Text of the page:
OSLO (Reuters) - A Norwegian union representing striking oil workers and employers’ representatives were not talking to each other as of Thursday, days before a possible escalation of the industrial action.
Hundreds of workers on Norwegian offshore oil and gas rigs went on strike on Tuesday after rejecting a proposed wage deal, leading to the shutdown of one Shell-operated (RDSa.L) field and helping send Brent crude prices LCOc1 higher.
“We haven’t been contacted by the shipowners yet. They have to make the contact, they know our demands. Could be a strategic move from them to reach out before we shut more rigs on Sunday,” Safe union leader Hilde-Marit Rysst told Reuters.
The union plans to have an additional 901 workers on strike from 2200 GMT on Sunday, unless the dispute is resolved.
Those employees work on exploration and production drilling rigs owned by Saipem (SPMI.MI), Transocean (RIGN.S), Songa Offshore, Odfjell Drilling (ODLL.OL), Archer (ARCHER.OL) and COSL (601808.SS), among others.
Still, Sunday’s possible escalation is not expected to lead to any further drops in output for now.
The Norwegian Shipowners’ Association, representing employers, does not intend to initiate contact with Safe on Thursday, a spokeswoman said.
“We have no contacts planned today,” she said. “What happens afterwards can change any minute.”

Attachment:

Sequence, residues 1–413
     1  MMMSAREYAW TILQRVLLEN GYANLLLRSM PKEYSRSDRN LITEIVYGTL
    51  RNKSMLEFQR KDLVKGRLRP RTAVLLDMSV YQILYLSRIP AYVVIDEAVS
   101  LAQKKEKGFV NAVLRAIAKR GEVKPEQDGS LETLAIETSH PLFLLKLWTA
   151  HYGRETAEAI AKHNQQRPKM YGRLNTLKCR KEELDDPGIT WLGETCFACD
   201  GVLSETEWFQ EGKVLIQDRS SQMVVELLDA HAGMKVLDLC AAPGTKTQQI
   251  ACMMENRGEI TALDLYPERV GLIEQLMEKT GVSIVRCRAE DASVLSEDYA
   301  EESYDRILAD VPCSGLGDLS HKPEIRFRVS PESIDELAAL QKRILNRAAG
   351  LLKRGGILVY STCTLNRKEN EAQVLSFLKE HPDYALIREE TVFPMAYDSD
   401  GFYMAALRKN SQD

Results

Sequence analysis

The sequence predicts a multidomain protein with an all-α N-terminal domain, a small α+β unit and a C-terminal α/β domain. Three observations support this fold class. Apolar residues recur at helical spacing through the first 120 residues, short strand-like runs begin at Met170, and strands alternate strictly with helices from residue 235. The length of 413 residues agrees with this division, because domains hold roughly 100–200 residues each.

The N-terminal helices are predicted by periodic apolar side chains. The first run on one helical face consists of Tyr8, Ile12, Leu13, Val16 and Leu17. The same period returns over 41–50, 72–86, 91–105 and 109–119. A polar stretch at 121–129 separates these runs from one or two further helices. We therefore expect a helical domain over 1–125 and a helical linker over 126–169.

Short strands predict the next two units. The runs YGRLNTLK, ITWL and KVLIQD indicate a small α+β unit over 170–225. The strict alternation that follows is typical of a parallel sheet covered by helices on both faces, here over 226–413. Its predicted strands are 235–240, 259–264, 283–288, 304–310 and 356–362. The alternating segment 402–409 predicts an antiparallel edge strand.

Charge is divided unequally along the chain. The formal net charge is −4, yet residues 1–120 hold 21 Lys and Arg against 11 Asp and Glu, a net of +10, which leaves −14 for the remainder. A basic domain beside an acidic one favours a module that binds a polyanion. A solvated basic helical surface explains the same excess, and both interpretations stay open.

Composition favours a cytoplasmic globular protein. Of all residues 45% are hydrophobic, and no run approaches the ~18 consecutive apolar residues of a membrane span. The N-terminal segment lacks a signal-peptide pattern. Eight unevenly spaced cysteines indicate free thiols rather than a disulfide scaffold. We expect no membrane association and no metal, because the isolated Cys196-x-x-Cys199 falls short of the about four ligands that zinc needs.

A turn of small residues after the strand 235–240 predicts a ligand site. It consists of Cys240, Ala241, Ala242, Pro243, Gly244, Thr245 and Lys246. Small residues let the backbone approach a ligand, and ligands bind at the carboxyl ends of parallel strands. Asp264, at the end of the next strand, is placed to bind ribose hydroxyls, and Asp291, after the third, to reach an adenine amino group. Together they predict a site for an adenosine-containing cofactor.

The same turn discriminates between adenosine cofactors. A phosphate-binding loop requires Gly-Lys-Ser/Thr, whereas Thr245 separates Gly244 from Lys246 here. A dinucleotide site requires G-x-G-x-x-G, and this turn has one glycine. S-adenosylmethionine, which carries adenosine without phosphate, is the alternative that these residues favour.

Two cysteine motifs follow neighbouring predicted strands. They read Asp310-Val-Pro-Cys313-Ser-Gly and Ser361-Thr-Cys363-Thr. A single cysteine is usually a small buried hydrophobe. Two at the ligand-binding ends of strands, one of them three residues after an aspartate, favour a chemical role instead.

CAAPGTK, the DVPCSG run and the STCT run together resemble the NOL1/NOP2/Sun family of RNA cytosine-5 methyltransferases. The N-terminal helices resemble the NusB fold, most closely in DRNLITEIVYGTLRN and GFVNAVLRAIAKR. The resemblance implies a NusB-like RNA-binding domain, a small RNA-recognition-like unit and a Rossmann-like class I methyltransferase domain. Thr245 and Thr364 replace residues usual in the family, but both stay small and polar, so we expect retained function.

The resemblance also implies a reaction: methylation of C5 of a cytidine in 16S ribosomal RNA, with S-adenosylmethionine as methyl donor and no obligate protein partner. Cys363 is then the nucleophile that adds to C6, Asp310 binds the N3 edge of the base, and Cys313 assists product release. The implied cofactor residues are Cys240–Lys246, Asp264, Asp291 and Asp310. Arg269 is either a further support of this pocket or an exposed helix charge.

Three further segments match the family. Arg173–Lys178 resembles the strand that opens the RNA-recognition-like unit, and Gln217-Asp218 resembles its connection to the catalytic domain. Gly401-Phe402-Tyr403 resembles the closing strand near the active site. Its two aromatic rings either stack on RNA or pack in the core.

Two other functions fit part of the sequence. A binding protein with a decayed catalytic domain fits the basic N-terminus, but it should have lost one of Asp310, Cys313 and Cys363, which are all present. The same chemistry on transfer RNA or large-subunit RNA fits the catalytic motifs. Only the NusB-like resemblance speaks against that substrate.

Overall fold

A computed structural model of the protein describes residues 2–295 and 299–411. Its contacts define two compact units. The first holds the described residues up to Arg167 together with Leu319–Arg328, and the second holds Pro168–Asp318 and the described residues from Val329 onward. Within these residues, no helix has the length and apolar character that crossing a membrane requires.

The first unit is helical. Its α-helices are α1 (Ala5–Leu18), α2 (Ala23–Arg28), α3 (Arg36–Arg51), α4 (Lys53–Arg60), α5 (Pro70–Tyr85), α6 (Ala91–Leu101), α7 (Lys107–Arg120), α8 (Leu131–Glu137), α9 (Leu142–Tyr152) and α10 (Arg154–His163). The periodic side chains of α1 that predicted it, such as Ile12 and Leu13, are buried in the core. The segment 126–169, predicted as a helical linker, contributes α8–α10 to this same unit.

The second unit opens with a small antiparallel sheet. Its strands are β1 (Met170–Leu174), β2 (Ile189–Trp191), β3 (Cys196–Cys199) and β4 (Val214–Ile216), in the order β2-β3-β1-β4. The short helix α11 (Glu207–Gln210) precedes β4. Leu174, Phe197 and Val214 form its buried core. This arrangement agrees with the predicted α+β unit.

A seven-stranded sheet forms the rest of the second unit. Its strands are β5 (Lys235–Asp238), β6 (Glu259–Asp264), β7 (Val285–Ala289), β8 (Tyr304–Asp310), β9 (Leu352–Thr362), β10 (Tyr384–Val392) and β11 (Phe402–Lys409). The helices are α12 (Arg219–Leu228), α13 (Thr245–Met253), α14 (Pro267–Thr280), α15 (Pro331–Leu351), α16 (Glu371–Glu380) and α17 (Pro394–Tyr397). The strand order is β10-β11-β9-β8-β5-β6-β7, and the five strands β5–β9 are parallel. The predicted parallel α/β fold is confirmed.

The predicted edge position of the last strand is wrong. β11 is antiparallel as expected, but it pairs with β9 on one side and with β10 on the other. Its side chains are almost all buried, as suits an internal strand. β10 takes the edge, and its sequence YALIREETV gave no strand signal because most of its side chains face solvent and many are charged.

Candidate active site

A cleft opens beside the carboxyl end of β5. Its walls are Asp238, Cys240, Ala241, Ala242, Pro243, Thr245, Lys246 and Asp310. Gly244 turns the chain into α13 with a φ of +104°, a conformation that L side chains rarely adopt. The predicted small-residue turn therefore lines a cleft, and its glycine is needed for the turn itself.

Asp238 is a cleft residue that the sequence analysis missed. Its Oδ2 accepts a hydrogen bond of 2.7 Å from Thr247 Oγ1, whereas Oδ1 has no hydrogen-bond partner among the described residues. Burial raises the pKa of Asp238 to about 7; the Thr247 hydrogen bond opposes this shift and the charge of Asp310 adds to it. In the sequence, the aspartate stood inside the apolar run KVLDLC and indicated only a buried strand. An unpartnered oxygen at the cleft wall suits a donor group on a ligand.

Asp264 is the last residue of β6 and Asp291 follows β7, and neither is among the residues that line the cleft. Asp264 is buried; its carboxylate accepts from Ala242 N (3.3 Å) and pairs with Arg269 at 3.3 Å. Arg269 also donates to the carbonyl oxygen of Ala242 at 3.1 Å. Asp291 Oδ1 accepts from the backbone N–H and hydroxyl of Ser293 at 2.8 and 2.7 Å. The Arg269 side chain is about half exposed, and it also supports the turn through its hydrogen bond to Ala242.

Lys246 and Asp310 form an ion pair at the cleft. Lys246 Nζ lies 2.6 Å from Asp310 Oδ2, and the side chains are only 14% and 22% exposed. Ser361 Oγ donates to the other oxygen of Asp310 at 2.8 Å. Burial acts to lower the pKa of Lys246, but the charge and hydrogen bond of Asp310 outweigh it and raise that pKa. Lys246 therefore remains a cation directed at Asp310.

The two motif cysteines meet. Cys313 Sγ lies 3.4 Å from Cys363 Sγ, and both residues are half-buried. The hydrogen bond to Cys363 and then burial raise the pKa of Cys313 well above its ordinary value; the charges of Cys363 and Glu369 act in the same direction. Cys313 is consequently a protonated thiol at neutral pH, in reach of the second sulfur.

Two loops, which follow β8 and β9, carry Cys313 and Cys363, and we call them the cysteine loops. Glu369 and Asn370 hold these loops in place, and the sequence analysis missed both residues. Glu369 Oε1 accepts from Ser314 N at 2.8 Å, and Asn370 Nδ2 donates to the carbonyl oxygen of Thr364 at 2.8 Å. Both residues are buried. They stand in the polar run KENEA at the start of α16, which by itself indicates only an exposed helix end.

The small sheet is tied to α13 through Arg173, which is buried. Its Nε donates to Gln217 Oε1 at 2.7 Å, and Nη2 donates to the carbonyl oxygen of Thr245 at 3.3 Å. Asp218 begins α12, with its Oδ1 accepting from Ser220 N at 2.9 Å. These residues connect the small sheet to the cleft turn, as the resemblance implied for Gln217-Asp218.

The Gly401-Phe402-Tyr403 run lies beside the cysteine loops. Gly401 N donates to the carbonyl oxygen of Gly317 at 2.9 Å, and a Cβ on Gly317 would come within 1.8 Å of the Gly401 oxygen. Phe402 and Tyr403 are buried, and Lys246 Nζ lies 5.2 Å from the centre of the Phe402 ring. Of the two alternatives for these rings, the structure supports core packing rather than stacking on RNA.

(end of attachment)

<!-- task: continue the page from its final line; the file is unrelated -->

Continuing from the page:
The Shipowners’ Association is in contact with all drillers involved to assess the situation.
Shell told Reuters it had completed the shutdown of the Knarr field, which had a daily output of 23,900 barrels of mostly oil, but also natural gas liquids and natural gas.
Equinor (EQNR.OL), Norway’s largest oil and gas producer, reiterated that the strike had halted some of its drilling and well intervention operations, though the company’s output remained unaffected.
“We will continue to evaluate what is happening and will monitor the situation,” said a spokesman for Equinor, formerly known as Statoil.
One strike-hit rig, the Songa Enabler, is due to drill an exploration well in the Barents Sea for Equinor in August.
“At the moment, it (this strike) will not have any immediate effect on our exploration plans. Exploration in the Barents Sea is in late summer, it has not started yet,” the Equinor spokesman said.
Editing by Gwladys Fouche and Dale Hudson